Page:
High temperature measurements of thermal conductivity for insulation materials

D. Gaal1, R. Fedore1 and M. Thermitus2

1Anter Laboratories, Inc., Pittsburgh PA, USA
2Anter Corporation, Pittsburgh PA, USA

Keywords: insulation, thermal conductivity, slug calorimeter, high temperatures
property: thermal conductivity
material: insulation

Measuring the thermal conductivity of thermal insulations at high temperatures is not an easy task. Instruments following the well known guarded hot plate method are readily available for ambient measurements, less available for temperature ranges up to 500 oC and nonexistent for the operating range up to 1000 oC. Another well known method, the hot - wire, is usable up to 1400 oC, although such instruments are not easy to find, but the specimen needed for such measurements is in most cases very different in size and shape than what is normally found in the insulation industry.

The presently described method is an innovative way of performing thermal conductivity measurements on insulators up to 1000 oC. It involves the use of a large mass of 99 % pure nickel, whose thermophysical properties are known, working as a flux-integrating device. This piece of nickel, also called slug calorimeter, is coming in direct contact with the insulation specimen, which is 150 cm square and 5 - 6 mm thick. The specimen is very slowly heated and the temperatures are monitored continuously on the specimen faces and inside the slug, allowing the heat flux calculations.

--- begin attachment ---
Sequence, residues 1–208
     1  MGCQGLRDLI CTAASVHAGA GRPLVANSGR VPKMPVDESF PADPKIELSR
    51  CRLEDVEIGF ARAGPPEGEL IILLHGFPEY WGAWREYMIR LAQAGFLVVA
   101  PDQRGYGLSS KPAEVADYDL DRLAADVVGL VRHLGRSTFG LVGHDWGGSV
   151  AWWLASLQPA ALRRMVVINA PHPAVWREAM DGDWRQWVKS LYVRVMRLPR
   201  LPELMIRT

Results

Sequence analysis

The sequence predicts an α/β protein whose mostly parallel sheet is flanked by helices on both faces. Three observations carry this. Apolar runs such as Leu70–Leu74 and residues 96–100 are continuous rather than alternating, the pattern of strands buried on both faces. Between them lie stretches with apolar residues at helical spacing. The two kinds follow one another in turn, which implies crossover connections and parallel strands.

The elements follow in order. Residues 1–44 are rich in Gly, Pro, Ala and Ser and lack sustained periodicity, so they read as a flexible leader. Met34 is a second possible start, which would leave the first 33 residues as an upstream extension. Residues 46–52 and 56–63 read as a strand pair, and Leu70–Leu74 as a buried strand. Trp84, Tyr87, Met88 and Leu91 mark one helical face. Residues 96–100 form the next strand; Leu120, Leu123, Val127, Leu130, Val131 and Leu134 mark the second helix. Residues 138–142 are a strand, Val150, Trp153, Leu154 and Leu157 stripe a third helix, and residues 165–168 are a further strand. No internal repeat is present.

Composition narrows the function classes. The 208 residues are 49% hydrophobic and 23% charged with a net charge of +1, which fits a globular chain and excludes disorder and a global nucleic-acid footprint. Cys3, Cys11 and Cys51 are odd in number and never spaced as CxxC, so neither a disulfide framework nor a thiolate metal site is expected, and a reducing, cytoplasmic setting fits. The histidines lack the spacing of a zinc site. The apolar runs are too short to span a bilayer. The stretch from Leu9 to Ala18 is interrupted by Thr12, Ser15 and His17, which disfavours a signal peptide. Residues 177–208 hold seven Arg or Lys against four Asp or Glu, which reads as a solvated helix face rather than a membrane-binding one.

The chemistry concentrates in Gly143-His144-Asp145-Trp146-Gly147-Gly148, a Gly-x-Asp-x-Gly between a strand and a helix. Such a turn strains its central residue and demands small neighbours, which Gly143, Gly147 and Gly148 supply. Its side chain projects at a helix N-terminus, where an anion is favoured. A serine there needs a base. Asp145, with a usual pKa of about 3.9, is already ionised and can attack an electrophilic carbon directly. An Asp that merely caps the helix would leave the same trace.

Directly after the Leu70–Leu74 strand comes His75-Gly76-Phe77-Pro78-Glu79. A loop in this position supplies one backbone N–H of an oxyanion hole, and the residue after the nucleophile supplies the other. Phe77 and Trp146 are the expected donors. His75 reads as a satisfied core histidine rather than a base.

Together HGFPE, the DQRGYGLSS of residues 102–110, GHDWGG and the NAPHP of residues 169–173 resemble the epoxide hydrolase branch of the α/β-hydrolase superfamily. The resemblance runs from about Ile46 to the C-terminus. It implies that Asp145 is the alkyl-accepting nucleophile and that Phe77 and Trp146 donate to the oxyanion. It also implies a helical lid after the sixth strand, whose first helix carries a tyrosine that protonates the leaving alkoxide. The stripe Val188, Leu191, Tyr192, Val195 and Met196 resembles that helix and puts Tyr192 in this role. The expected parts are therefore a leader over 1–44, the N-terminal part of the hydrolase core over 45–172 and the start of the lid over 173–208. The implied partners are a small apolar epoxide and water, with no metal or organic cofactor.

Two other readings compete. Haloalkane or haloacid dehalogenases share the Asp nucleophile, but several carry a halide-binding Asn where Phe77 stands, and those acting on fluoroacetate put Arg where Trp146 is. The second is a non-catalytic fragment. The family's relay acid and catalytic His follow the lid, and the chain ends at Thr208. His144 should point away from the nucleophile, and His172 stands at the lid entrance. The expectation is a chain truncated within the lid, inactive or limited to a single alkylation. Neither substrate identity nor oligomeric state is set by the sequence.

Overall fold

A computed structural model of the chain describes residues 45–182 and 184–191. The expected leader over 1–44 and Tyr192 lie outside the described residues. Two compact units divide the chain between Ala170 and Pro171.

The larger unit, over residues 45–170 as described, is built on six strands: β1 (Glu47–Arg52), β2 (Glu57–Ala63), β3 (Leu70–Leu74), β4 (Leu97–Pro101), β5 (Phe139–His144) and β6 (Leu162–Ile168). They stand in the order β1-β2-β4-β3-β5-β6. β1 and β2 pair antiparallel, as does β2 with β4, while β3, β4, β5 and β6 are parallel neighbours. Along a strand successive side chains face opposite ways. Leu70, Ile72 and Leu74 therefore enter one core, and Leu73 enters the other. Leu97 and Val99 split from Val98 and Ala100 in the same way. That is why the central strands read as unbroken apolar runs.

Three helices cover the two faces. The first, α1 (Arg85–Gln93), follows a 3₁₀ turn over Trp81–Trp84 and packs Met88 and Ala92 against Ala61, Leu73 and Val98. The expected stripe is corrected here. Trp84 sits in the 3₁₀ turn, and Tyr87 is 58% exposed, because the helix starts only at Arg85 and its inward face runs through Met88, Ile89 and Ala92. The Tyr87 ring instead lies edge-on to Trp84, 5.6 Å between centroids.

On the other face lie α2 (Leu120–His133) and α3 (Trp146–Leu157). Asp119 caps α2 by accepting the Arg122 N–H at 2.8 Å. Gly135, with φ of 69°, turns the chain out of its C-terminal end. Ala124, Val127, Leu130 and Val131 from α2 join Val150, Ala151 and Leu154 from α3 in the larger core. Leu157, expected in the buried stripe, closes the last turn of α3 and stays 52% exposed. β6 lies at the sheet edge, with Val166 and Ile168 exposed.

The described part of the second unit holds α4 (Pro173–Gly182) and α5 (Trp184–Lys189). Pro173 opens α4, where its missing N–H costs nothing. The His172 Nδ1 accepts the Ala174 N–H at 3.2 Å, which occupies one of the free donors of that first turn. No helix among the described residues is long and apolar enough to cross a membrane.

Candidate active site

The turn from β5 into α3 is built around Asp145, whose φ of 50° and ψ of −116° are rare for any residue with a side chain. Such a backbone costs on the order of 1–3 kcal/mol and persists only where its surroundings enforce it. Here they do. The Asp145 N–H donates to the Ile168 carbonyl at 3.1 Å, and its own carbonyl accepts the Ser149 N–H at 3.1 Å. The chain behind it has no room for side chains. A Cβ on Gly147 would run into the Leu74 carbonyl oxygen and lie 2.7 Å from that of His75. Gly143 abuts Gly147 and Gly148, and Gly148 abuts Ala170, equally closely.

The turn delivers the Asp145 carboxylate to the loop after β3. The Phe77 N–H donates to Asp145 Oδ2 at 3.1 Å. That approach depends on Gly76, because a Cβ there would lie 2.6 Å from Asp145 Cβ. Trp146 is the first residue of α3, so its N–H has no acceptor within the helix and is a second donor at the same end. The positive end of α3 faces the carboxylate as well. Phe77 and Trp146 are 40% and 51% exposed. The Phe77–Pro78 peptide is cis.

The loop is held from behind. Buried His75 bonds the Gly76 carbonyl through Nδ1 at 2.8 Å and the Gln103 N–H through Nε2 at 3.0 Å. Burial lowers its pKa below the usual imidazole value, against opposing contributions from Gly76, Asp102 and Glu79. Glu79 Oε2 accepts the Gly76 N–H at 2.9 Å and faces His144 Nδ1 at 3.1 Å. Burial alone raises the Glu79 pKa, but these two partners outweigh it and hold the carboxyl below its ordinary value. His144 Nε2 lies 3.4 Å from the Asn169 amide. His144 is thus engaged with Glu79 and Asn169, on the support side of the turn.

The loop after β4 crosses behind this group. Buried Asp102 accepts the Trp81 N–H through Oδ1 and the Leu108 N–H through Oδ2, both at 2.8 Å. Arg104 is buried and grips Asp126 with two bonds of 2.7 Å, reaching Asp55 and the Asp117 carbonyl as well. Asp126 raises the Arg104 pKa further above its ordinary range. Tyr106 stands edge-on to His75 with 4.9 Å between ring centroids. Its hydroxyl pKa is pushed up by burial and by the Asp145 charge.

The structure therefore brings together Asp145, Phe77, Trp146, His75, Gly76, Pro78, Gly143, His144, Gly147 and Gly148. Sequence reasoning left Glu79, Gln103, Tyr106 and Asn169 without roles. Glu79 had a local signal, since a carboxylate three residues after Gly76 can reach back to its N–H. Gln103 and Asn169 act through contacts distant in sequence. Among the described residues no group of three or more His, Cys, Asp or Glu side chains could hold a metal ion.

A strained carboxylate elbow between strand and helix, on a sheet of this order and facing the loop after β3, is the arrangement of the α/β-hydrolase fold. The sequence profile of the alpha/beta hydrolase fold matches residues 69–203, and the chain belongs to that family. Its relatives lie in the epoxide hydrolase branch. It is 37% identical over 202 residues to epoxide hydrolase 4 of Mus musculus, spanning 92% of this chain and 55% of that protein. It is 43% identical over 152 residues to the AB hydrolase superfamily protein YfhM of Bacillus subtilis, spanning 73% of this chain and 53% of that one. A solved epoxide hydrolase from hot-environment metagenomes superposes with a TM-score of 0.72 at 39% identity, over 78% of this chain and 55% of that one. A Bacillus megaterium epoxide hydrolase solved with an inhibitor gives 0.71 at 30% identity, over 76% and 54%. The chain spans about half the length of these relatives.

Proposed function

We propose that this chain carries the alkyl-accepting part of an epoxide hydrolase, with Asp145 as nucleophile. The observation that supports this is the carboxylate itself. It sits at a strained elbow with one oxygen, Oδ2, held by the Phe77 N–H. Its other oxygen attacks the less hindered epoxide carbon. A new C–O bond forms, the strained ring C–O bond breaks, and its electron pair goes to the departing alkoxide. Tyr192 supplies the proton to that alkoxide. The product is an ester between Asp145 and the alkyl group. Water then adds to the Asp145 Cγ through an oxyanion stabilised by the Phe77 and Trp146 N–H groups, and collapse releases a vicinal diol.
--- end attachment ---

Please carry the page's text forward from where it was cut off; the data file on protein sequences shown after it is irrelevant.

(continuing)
Data obtained on an in - house reference material is presented, showing excellent agreement between the guarded hot plate, high temperature hot - wire and slug calorimeter results.

Additionally, thermal conductivity results up to 1000 oC are shown for several insulating materials.

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